Margot Van Sluytman on meeting her father's killer


I was a teenager when my father was shot during a robbery gone wrong. Thirty years later, I befriended his murderer

       
By Margot Van Sluytman |  October 31, 2017 AT 11:04 am


 The author with John Glendon Flett, the man who killed her dad 

When I was eight, my family moved from Guyana to Scarborough in search of a better life. For a while, it seemed like we’d found it: my father, Theodore, got a job as a sales clerk at the Bay at Eglinton Square. On weekends, he and my mom would take my three siblings and me camping and fishing. He was a handsome, outdoorsy type—people said he looked like a movie star.

On Easter Monday in March 1978, when I was 16, my dad went to work. It was his day off, but he wanted to get a head start setting up for the week. As he was preparing displays in the men’s department, he heard a commotion near the escalators. Two men in their 20s had confronted a Brink’s guard, clocked him on the head with a hammer, and grabbed a bag filled with $46,000 in cash and cheques. My dad intercepted one of the thieves and said, “Give it up, son. It’s not worth it.” Both robbers had guns, and in the turmoil, they fired their weapons. My dad was shot in the back and the chest. He crumpled to the floor, dead.

Two police officers showed up at our door later that day. When I saw them, my heart started beating uncontrollably. And when they told me that my father had been killed, I felt like every ounce of air had been sucked from my body. I bolted upstairs to find my mom, and saw my father’s white shirts hanging up to dry. An indescribable anguish washed over me when I realized he’d never wear them again.

A few months later, a man named John ­Glendon Flett was arrested. He was eventually convicted of second-degree murder and sentenced to life. I was relieved, but my own life felt meaningless. Over the next two decades, my dad was always on my mind.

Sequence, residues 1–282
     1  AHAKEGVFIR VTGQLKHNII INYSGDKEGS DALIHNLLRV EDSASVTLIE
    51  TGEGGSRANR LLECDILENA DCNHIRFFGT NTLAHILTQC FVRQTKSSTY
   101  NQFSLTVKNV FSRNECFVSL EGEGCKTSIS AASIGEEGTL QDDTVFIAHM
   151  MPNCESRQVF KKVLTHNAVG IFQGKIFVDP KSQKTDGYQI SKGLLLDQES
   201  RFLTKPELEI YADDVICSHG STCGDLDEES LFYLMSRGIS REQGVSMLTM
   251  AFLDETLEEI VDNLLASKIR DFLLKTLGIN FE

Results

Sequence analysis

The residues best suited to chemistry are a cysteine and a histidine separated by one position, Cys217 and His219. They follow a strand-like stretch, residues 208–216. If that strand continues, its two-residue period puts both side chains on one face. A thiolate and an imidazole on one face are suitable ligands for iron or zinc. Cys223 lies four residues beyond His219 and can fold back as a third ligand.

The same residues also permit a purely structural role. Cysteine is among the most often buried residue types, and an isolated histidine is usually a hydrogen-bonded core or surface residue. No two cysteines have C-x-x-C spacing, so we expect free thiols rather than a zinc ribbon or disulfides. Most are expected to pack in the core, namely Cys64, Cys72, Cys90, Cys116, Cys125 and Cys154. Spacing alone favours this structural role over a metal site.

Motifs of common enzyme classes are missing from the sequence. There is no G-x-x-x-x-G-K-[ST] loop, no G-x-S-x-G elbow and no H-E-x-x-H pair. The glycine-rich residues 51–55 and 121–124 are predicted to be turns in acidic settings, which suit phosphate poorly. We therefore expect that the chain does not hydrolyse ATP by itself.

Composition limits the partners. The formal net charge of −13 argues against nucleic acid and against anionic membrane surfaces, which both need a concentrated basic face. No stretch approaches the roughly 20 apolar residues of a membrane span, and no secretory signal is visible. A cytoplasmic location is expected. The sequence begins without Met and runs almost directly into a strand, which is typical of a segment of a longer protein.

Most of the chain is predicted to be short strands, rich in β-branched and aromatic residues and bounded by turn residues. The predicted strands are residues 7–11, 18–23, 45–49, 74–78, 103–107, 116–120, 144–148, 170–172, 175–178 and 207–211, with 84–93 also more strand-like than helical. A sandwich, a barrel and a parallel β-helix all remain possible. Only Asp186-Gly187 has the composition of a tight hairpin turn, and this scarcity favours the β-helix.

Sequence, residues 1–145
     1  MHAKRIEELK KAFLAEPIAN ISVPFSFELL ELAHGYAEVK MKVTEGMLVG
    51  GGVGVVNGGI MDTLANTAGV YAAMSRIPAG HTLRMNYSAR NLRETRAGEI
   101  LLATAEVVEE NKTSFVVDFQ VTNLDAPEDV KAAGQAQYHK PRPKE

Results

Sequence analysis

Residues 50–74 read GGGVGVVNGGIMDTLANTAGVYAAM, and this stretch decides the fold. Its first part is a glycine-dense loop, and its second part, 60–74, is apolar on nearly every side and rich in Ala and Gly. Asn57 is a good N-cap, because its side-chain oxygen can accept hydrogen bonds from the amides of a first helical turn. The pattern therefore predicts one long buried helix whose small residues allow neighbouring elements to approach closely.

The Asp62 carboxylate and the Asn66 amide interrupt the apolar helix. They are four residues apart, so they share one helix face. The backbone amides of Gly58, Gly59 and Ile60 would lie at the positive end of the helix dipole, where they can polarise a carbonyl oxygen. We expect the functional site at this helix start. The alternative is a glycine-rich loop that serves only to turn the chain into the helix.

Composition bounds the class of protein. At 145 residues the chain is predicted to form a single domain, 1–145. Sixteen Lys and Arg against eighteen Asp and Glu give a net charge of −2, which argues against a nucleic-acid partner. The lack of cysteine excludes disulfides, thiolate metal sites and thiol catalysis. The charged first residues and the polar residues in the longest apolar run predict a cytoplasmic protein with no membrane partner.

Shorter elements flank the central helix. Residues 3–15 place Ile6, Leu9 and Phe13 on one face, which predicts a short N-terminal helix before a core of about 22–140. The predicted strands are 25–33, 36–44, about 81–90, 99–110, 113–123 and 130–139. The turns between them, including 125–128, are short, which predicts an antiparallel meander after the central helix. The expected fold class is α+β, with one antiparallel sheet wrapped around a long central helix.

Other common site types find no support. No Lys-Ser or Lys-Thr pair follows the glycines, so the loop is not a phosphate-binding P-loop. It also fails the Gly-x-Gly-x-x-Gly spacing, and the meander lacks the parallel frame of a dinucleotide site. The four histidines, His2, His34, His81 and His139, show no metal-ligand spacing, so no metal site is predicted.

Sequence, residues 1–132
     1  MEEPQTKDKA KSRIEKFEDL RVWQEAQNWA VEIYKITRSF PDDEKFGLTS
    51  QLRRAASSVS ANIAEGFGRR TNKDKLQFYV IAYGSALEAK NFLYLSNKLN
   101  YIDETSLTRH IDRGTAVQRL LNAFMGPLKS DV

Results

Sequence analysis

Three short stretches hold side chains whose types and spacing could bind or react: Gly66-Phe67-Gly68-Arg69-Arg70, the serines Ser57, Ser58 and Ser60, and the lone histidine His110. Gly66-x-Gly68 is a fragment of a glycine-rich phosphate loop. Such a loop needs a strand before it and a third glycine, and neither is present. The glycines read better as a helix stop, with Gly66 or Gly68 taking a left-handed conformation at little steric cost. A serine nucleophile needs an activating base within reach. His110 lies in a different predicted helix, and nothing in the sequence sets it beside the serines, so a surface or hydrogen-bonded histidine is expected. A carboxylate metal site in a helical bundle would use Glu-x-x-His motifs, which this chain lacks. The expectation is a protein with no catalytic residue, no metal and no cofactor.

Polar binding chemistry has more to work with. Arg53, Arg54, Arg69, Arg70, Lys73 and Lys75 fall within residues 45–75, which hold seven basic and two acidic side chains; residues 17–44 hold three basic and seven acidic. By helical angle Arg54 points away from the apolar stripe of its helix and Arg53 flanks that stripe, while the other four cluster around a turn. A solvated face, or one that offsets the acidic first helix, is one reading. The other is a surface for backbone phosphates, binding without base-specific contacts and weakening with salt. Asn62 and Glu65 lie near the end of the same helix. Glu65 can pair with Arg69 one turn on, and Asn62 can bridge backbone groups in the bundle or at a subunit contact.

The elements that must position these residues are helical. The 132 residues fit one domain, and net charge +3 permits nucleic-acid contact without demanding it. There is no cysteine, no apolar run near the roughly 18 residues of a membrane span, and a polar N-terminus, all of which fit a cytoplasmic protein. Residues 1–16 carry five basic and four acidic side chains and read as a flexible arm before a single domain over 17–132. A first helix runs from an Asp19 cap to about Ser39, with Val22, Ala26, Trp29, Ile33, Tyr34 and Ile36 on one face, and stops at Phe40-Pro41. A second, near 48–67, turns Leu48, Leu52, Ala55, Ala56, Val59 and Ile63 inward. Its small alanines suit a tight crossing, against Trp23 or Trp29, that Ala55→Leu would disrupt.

Poetry became my source of solace. I ran courses on poetry as a form of therapy, helping trauma victims find their voice and write about their pain. I published several books, and, in 2007, one of them won an award from the National Association of Poetry Therapy.

Days after receiving the award, I got a $100 donation through a website where I published my writing. It came from a woman called Sherry Edmunds-Flett, and I immediately recognized the name. I wrote to her, and discovered that she was married to my father’s killer. She and her husband, who went by Glen, had read about my award—they also did support work for victims and offenders in B.C. I couldn’t believe it. On the other side of the country, the man who murdered my dad was doing the same kind of work I was. In tears, I wrote back asking if Glen would give me an apology.

The next morning, I woke up to an email from Glen. Eloquently, he explained that he didn’t expect forgiveness, but that he was no longer the same man who killed my dad. He said he prayed every day that my family would be able to move on. He seemed sincere. As we wrote back and forth, I learned that he had spent 23 years in various prisons. After three months of emailing, I asked if we could meet.